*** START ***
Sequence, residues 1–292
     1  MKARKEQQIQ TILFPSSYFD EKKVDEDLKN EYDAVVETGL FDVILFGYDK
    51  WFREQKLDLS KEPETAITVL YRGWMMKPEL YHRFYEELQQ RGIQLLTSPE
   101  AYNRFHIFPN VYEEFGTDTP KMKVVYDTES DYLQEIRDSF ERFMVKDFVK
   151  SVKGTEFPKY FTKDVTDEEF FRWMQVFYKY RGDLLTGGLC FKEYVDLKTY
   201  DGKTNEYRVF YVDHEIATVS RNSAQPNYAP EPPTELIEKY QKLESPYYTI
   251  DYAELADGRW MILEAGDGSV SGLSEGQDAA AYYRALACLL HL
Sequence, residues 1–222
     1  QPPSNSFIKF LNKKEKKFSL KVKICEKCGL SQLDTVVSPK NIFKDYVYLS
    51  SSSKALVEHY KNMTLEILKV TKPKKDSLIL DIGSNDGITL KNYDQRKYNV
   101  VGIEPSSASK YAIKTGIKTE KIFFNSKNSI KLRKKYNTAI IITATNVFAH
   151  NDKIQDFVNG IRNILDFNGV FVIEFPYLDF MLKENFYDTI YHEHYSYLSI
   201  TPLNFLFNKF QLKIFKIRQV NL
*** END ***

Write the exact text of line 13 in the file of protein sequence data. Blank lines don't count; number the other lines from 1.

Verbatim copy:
   201  TPLNFLFNKF QLKIFKIRQV NL